Critics who do the weekly recap, I find that kind of absurd. That's like reviewing chapters in a novel.

TV is a level playing field, and you're competing for eyeballs.

The thing is, when you paint somebody in all of their colors, they're never all bad or all good. Even the worst person has humanity in there somewhere.

If you're truly depicting human behavior in an honest way, it is a lot of miscommunication, non-communication, paranoia, passive aggressiveness. People don't finish sentences. They don't say what they mean. They lie to each other. They take credit for things that are actually other people's ideas.

I've always thought that when they say ignorance is bliss, the converse to that is that knowledge is hell. The more you know, the bleaker things can get.

People talk about the plots and what happened, and they see your tricks a mile away.

I wrote for 'The Sopranos' and worked on big, blustery characters for quite a while.

J. Edgar Hoover very famously denied the existence of organized crime up until the Appalachian Meeting, I think, in 1957. It was interesting to me that he clearly had to know that there was such a thing as organized crime and organized criminals as far back as the '20s.

During seventy years of TV, the audience came to feel that the rules are, you can't kill the second lead on your TV show! Whatever's going to happen, it's all okay because there's no way they can kill the star.

I have a rule: I will not alter the basic history of a real-life character to suit our fictional needs in a big way.

I was a big fan of the show 'Deadwood' on HBO, which was created by David Milch. And as soon as I heard that all of those characters on Deadwood were based on real people, the first thing I did was Google everybody.

There's nothing funnier for me than taking two characters and throwing them into a pressure cooker and letting them turn on each other. Especially if they already tend to be loud, aggressive, alpha types. That's sort of everything from 'The Honeymooners' to 'Goodfellas' to 'The Sopranos.'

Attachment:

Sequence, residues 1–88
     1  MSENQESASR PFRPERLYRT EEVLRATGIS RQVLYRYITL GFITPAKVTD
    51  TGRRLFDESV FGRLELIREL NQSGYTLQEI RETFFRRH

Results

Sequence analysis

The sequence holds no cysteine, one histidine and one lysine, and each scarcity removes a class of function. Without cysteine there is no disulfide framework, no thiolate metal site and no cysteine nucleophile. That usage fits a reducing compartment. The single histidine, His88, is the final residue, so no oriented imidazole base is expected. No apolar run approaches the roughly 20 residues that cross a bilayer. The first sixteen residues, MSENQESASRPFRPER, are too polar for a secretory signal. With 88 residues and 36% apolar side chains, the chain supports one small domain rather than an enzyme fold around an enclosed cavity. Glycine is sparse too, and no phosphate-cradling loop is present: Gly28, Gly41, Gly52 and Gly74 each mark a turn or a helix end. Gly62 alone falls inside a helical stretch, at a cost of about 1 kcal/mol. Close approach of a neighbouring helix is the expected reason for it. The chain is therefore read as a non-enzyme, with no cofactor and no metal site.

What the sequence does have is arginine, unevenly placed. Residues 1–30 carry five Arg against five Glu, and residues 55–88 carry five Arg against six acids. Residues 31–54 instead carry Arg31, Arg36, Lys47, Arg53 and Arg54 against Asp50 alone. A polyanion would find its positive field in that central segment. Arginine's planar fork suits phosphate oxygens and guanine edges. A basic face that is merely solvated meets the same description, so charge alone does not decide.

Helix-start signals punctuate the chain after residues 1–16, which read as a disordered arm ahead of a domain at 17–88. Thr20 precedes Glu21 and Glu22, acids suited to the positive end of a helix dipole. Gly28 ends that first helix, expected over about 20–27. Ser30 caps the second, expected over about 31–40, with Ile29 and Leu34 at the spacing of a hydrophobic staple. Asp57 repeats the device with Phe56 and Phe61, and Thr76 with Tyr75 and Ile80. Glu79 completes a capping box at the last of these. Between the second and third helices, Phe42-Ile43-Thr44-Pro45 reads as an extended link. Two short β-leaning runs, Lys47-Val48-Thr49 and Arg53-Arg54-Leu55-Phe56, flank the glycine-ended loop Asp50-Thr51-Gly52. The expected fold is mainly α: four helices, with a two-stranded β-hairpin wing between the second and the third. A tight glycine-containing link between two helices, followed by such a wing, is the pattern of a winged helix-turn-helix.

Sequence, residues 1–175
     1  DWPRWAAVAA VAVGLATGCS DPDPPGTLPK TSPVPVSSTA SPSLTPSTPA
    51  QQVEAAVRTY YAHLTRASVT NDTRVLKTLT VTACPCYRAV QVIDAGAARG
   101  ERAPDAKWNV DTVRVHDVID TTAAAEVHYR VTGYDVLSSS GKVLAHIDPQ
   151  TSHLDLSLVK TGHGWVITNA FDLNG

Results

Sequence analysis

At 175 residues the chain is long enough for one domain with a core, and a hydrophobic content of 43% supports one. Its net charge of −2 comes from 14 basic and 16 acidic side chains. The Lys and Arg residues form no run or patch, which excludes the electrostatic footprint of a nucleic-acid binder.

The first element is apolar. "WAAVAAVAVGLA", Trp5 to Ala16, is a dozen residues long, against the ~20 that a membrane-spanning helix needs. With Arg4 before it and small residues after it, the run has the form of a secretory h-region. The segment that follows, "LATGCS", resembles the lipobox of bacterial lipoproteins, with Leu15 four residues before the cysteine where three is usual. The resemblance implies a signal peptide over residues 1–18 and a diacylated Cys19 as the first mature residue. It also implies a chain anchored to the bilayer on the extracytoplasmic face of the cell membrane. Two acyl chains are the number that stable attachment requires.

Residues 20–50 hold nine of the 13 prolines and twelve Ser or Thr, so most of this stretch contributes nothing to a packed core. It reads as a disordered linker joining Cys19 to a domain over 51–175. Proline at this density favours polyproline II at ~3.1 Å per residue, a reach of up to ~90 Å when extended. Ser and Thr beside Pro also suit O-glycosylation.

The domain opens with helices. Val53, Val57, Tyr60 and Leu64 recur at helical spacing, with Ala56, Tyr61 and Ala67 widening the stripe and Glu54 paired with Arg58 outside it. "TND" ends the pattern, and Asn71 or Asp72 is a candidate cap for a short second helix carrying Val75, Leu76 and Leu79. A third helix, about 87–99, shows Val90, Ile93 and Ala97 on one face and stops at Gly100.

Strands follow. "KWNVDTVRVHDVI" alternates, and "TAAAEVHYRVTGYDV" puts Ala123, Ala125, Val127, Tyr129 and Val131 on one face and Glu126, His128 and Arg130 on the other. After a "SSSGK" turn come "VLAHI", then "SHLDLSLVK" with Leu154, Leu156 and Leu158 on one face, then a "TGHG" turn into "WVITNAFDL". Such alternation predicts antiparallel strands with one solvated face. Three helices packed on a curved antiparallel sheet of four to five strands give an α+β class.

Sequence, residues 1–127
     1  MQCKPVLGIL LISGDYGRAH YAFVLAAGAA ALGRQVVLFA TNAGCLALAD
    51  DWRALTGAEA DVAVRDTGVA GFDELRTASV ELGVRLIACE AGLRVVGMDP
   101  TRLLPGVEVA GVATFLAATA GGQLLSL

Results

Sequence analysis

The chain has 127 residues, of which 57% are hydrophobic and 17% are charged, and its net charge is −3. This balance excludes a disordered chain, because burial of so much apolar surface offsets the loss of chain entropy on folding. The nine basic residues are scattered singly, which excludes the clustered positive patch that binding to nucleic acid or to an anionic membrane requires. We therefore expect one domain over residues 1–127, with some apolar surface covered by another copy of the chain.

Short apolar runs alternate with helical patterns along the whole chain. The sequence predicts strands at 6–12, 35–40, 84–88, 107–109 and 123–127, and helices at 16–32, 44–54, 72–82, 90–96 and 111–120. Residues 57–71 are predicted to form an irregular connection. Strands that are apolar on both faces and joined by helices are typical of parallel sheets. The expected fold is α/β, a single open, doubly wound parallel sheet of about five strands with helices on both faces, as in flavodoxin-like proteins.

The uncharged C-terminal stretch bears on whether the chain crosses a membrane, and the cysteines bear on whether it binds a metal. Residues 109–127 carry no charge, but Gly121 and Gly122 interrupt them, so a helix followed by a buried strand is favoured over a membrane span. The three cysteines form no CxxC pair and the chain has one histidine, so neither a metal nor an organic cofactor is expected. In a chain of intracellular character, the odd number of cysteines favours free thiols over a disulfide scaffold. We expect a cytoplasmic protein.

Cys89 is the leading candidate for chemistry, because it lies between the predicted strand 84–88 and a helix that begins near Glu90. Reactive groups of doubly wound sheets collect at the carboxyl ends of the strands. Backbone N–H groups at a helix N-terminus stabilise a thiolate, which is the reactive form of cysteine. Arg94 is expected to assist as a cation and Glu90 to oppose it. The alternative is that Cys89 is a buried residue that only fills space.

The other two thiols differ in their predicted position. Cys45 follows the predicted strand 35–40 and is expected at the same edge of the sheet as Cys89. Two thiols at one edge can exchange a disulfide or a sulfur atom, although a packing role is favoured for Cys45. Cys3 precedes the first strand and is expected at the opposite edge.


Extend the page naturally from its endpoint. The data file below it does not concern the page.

I look at the feature films that come out, and by and large, 85 percent of them are things I wouldn't in a million years sit down and watch. The more interesting storytelling is happening on television by a long shot.

As a writer, I've tried to avoid strong opinions about morality. You just want to present things as they are and let the viewer come to their own conclusion.

I think that 'Vinyl''s faster-paced. I think 'Boardwalk' was much more luxurious in its storytelling.

Any abhorrent behavior is more interesting to me. I'm always amazed when somebody asks me, 'Why don't you write something about nice people?' Because nice people are boring, that's why.

I'm always amazed by writers who say, 'Oh you know I had a half hour so I sat down and wrote a little bit.' I just need a real big chunk of time to sit down and focus. That's my process.

Any distraction tends to get in the way of being an effective gangster.

We may live like saints, but when it comes to our fantasy life, everybody's got a little larceny in their soul.

For me, I need to fully immerse myself in a script to the point where I'm literally locking myself away for weeks at a time and I just write it. So I can write twelve to fifteen hours in a day, with breaks in between, obviously, but I need to just sort of live within the world of the script.

One FBI agent told us early on that on Monday morning, they would get to the FBI office, and all the agents would talk about 'The Sopranos', having the same conversation about the show, but always from the flip side.

To get to work with my idol, Martin Scorsese, has just been lovely - the highlight of my career.

My favorite thing to write is people under pressure in high-stakes circumstances.

The first rule of show business is get off the stage while people still want more.